Big data — the game changer in identifying consumer needs?

By Lum Ka Kay / EdgeProp Malaysia | November 13, 2017 3:30 PM SGT
In the past few years, the term “big data” has caught a lot of attention but how many of us fully understand or utilise it?
According to Shanghai Distrii Technology Development Co Ltd (China) CEO and founder Dr Hu Jing, big data has allowed businesses to test their solutions based on the hypotheses or assumptions made via data collection.
“To mine data, we must first have sufficient database and to do so, we need connectivity. Take Distrii for an example — all working devices and co-working spaces are connected via our application,” he said.
(From left) Nippon Malaysia head of project marketing Wong Meng Lee, Rehda Youth chairperson Carrie Fong, Patai, Hu, Tan and Chew at the forum. (Photo by Low Yen Yeing/
Distrii is an operator of co-working spaces in China, pioneering the concept of co-working in smart offices to support flexible working and distributed work arrangements with tech facilities, providing users with comprehensive office solutions.As of August this year, Distrii has 17 co-working spaces across China and is hosting more than 300 companies. It will debut in Singapore — Distrii’s first overseas expansion — in April 2018, occupying seven storeys of Republic Plaza Tower 1 in Raffles Place.
“Using the app, we can then monitor which offices are open, and whether the workers come in to work on time or not. So, say, most of your workers come to work late — does it mean the office is situated too far from their homes? We can then come up with solutions for the company and determine if our solutions work.
“This will be the future of work. It will not be humans managing humans anymore. It is a combination of technology and humans as a result of the use of big data,” Hu shared during a panel discussion titled “Digital disruption: Programming the property industry” at the Future Forward Forum 2017 held on Sept 7.
Themed “Trends: Insite”, the Future Forward Forum 2017 was organised by Rehda Youth, the youth division of the Real Estate and Housing Developers’ Malaysia, in partnership with Nippon Paint Malaysia. was the official media partner.
The panel discussion was moderated by the organising committee member of the Future Forward Forum Alex Chew. Also on the panel were Panasonic Malaysia strategic B2B development general manager Tan Chee Hon and BUILK Asia Co Ltd (Thailand) principal Patai Padungtin.
Track, trace and hypothesise
Meanwhile, BUILK Asia’s Patai said one could also gauge consumer behaviours via the conversion rate on digital platforms.
“When we develop a digital platform, be it mobile or desktop, there is a script for the website developer to learn about the users each time they navigate through the platform. With that, we can continuously improve the platform to enhance user experience and further raise conversion rates.
“For example, for garbage collection, I can use Internet of Things (IoT) devices to track the route [of garbage collection] and then develop an optimised route,” he said.
BUILK Asia’s Patai listed out three factors needed to shift consumer behaviour — motivation, ability and triggering elements.
“These three things have to happen at the same time. So the ‘ability’ part is handled by my team where they make the user interface and user experience as easy as possible for users. And finally, the last piece of the jigsaw is the trigger,” he explained.
“As a start-up, I try to figure out my purpose. So my motivation is the role of my company, which is to try to appeal to the construction people around the region that BUILK Asia can make a change in the digital world.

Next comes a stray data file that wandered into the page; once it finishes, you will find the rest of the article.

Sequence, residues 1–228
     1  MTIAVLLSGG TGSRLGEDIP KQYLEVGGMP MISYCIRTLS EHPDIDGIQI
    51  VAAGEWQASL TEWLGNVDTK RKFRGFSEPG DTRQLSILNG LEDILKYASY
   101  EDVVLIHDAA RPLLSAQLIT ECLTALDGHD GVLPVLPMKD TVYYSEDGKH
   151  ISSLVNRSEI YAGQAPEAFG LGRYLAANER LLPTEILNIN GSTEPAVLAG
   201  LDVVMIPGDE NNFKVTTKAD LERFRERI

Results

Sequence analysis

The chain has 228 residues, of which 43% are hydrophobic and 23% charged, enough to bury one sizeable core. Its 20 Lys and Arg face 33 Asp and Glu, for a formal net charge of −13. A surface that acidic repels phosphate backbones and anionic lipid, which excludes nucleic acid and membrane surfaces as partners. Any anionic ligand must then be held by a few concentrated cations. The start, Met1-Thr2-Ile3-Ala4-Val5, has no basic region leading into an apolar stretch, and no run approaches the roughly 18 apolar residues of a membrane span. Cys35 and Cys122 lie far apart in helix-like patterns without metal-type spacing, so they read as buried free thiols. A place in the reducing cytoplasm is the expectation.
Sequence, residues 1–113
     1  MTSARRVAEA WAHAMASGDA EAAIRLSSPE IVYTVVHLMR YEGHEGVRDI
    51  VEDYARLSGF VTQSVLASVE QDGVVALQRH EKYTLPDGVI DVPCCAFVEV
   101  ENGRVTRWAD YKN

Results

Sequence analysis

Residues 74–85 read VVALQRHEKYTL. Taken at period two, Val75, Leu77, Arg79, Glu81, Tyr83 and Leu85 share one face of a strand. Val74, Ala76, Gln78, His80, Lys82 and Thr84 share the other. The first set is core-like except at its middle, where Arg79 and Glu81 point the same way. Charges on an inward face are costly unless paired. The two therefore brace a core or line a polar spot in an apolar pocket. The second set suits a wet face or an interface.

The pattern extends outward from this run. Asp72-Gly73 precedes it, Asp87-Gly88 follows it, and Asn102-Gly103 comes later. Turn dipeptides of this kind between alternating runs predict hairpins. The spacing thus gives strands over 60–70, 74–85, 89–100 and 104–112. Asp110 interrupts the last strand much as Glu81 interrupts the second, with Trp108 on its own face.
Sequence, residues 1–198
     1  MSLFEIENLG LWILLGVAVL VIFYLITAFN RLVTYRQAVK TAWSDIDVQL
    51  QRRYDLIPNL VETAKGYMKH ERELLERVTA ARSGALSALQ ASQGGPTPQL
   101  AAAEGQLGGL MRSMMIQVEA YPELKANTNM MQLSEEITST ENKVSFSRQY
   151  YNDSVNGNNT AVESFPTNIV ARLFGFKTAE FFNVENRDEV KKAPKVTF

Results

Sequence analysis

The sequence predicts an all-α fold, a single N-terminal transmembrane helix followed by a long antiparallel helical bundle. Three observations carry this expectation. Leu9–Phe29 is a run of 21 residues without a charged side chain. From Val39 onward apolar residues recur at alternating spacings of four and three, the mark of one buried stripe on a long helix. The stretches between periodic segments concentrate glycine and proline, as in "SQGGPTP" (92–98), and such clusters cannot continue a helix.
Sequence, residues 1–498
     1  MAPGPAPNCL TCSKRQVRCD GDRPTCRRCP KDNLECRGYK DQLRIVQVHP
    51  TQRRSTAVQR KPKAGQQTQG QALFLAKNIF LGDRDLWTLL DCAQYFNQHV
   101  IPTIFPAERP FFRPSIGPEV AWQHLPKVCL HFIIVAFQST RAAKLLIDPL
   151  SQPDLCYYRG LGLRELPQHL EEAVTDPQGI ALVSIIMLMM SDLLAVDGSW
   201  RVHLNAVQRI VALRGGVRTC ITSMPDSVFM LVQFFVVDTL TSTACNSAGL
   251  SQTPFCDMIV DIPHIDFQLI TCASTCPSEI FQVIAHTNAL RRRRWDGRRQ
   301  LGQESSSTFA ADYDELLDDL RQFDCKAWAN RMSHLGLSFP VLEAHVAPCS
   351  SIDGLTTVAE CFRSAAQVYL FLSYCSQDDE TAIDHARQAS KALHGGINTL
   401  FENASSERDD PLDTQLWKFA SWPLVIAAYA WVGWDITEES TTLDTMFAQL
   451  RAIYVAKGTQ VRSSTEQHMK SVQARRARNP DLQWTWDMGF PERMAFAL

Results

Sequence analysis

“I found a good partnership with the largest bank in Thailand to develop a scoring system. If the contractor uses our platform, they will get a free credit scoring by the bank for their construction loan.
“A start-up like me working with corporations such as banks will add more credibility to our platform and from there, we get to increase our user base,” he elaborated.
BUILK is Asia’s first-ever free online web-based application for construction businesses with the objective to enhance time and cost efficiency in doing business. The start-up has helped to manage over US$800 million (RM3.39 billion) worth of construction projects across the Southeast Asian region last year.
As of today, the platform has over 20,000 small and medium-sized construction enterprises within the region — Thailand, Indonesia, Laos, Myanmar and Cambodia have used the managing functions under BUILK.
Know your end-users
Noting that no company is able to do everything from hardware to software and analytics, Panasonic’s Tan said that while its consumer products do not collect data, it develops the technology for service-based companies to do so.
“Data collection needs an entire ecosystem. No company can do it alone. You need specialised companies, with defined objectives on why they want to collect the data, what they want to derive and what kind of benefits they can get from studying the data.
“We have the responsibility to establish an ecosystem. That’s why we are very open to collaborations and open innovation, to understand every stakeholder in the ecosystem on what is required for the benefit of end-users,” Tan said.
Distrii’s Hu also stressed that identifying the real needs of customers is crucial in the current business landscape.
“Yes, there are so many co-working spaces but we’re not a simple co-working space. We are the solution to future offices and we would like to be known as an internet company. Our ultimate target is to tap into IoT for mobile working.
“Identifying the real needs of your customers is very important. So, all products or business models have to be tested. Distrii can get recognition from customers because they really like and need our solutions. If your product is good, people will come to you,” he concluded.
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